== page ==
Employee Freedom Week Celebrates a Worker’s Right to Leave Their Union

MacIver News Service | August 18, 2015

[Madison, Wisc…] The third annual National Employee Freedom Week kicked off Sunday, once again highlighting a worker’s right to leave their union without the fear of losing their job or any other penalty.

The project, started by the Nevada Policy Research Institute (NPRI) in 2012 at a local level, now has close to 100 sponsors in 40 different states – including The John K. MacIver Institute for Public Policy.

Employee Freedom Week is an effort to inform workers about the freedoms they have when it comes to opting out of their local unions, and it provides employees around the country with the paperwork and know-how to do so.

In Wisconsin, nearly every worker in the state has the right to opt-out of his or her union thanks to right-to-work and Act 10 – Gov. Scott Walker’s signature public sector collective bargaining reforms.

Even with the state’s labor reforms dominating the news cycle in recent years, one in five union households is still unaware of the freedoms they have, according to recent polling by NPRI. Employee Freedom Week aims to bring more awareness to these rights in Wisconsin and across the country.

Workers in states without right-to-work do not have these same wide-ranging freedoms. But, they still have some options for opting out of their union.

Union employees in non-right-to-work states can become agency fee payers – members that only pay dues to cover collective bargaining and operational costs, not political activity. Workers can also become religious or conscientious objectors, whose dues would go to a charity instead of the union.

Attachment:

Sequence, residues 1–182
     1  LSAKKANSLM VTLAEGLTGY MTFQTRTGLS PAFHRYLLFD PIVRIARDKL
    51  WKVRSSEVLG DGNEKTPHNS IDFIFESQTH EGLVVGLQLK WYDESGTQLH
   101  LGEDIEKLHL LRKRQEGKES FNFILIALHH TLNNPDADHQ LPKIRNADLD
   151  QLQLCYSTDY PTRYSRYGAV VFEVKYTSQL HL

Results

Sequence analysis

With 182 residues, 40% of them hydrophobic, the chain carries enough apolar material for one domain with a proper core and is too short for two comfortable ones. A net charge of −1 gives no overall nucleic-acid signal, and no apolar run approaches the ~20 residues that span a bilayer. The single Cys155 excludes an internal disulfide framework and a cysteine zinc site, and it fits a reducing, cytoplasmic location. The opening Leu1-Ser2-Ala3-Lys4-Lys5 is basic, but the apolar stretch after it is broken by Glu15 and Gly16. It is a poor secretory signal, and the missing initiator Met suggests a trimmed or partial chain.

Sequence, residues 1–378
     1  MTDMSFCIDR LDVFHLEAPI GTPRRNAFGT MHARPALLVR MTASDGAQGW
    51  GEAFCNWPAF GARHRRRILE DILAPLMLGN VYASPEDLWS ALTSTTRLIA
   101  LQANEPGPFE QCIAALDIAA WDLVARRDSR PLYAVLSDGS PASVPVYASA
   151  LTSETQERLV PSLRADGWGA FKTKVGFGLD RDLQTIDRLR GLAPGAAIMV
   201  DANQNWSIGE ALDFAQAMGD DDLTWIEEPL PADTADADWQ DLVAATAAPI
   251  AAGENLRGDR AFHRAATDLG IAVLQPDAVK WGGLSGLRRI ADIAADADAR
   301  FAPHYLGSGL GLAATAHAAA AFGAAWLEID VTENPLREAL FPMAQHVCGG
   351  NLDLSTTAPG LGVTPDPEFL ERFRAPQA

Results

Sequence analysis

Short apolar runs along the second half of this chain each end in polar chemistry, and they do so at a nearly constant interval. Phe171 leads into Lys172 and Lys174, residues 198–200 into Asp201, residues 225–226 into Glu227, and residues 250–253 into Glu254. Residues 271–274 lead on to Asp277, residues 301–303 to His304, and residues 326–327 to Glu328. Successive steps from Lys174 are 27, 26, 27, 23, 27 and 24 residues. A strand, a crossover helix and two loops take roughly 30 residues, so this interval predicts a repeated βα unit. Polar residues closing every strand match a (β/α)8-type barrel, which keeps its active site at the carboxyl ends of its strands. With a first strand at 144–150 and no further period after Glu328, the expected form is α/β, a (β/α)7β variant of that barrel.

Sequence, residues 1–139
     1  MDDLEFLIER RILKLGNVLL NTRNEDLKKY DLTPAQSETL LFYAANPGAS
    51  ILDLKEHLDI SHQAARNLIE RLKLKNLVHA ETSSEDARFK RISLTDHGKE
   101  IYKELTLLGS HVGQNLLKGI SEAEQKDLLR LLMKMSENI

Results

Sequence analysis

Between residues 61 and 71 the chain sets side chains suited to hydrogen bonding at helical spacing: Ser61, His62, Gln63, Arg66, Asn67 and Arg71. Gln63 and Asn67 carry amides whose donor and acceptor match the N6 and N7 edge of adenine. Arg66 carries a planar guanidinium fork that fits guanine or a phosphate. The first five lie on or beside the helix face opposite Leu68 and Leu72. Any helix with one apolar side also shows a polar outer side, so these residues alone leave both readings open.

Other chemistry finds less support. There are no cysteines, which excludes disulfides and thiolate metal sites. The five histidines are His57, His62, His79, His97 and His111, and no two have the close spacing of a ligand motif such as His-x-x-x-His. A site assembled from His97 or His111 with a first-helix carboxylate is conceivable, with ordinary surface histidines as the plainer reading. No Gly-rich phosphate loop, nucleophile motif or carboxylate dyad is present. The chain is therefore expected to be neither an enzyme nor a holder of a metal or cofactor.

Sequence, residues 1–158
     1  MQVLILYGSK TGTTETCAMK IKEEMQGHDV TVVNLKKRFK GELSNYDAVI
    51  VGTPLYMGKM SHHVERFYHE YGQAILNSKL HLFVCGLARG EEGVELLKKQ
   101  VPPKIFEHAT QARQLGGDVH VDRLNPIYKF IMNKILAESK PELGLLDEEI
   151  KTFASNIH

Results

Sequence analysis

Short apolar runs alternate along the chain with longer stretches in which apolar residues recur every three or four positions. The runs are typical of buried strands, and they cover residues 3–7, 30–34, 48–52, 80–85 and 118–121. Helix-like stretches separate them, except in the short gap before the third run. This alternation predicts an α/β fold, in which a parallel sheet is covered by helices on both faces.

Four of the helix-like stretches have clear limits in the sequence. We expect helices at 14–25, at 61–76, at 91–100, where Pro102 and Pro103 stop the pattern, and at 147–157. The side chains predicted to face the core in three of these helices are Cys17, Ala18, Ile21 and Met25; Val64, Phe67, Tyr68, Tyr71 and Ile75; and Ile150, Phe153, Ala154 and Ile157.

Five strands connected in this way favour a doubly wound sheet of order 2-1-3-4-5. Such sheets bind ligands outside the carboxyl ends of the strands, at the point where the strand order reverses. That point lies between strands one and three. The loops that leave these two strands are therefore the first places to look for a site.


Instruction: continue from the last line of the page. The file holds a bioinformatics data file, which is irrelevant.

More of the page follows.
This educational campaign proved to be a huge success for workers’ rights in 2012. NPRI informed local teachers in Clark County, Nevada of their ability to legally opt-out of the union during a mandated two-week period. After the two weeks ended, hundreds of teachers had left the union.

The next year, the NPRI launched Employee Freedom Week nationwide.

Back in Wisconsin, legislators are proud of the work they have done to give employees more freedom.

“I am pleased to have played a role in Wisconsin’s expansion of worker freedom this session. I have been a vocal, longtime supporter of right-to-work legislation, and it was well past time for our state to incorporate this vital workplace reform,” Assembly Labor Committee Chair Rep. Andre Jacque (R-De Pere) told the MacIver Institute.

“Our efforts earlier this year will protect workers’ freedom of association and ensure that they do not have to join or pay dues to any union organization in order to keep their job.”

Another legislator echoed Jacque’s comments in support of Employee Freedom Week and right-to-work.

“Employees should not be compelled to join a group or association with which they don’t wish to belong. It’s an issue of personal freedom for me,” Sen. Leah Vukmir (R-Wauwatosa) said. “By passing a right-to-work law in Wisconsin, we ensured private-sector employees will now have the ability to opt out, resulting in increased accountability.”

National Employee Freedom Week is August 16-22, 2015. More information can be found at EmployeeFreedomWeek.com.